Forty days at float as of Saturday, June 25, and NASA’s super pressure balloon (SPB) is presently flying above the south Pacific as it continues on its long-duration technology test and science flight.
For the past two weeks, the balloon has etched out a whimsical groundtrack over the Pacific, slipping out of the more southerly stratospheric cyclone pattern and then floating nearly to the equator before turning west, south, and now east toward South America.
“The balloon has flown longer than its predecessor, flying through the rigors of the heating and cooling experienced in the day/night cycle,” said Debbie Fairbrother, NASA’s Balloon Program Office chief. “We continue to monitor the balloon, conducting daily analyses of the balloon’s health and trajectory.”
The balloon is designed to float at a constant pressure altitude of 7 millibars. However, the actual altitude at float is also dependent on the environmental conditions where colder weather below could lead to lower float altitudes. To date, the balloon has flown over a number of cold storms, which has resulted in the balloon losing its differential pressure and experiencing some altitude variance at night.
“The heating and cooling cycle puts a lot of stress on the balloon, but it was engineered to withstand the extra wear,” said Fairbrother. The previous record flying through the day/night cycle was 32 days, 5 hours, set in 2015 with an SPB flight that launched from Wanaka, New Zealand. The overall record for any SPB flight is 54 days, set by a 7-million-cubic-foot SPB flight over Antarctica in 2009.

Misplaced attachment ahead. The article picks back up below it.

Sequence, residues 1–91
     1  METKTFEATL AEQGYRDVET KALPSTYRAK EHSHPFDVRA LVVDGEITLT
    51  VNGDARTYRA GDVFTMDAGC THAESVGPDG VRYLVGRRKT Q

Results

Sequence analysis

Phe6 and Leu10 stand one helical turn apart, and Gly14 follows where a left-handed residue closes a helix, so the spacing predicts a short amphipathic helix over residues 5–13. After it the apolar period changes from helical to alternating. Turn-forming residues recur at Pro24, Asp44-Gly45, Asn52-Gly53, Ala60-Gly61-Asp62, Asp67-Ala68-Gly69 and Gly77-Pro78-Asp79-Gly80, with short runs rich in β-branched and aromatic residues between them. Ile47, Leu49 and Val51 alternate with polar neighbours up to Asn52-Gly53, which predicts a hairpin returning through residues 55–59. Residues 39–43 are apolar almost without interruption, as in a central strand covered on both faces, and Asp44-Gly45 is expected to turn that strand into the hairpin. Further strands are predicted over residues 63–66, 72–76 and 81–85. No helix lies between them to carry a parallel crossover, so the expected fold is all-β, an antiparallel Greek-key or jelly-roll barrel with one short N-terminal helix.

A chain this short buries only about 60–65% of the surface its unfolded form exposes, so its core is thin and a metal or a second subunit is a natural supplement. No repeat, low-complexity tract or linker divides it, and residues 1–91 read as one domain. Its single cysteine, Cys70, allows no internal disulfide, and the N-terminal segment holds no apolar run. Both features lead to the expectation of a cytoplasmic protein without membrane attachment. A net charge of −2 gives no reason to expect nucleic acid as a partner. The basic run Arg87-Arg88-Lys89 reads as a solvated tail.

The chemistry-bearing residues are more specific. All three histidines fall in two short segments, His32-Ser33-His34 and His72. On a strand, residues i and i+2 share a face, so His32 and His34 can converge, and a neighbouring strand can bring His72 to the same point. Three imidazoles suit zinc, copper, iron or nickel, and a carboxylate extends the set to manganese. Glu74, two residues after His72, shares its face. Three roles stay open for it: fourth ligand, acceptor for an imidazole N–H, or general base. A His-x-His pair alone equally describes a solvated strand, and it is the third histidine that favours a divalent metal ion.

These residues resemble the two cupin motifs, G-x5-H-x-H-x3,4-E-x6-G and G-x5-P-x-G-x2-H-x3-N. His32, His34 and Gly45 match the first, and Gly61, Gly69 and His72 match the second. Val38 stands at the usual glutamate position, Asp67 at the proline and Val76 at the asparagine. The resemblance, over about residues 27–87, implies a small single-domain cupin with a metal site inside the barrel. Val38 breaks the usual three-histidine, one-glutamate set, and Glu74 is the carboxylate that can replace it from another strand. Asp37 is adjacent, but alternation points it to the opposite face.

Aside from the technology test of the balloon itself, the SPB is carrying the Compton Spectrometer and Imager (COSI) gamma ray telescope. The COSI team reports that the science instrument continues to collect good data.
Balloon flight operators at NASA’s Columbia Scientific Balloon Facility in Palestine, Texas, are monitoring the mission around-the-clock. Anyone can track the progress of the flight from this website: http://www.csbf.nasa.gov/newzealand/wanaka.htm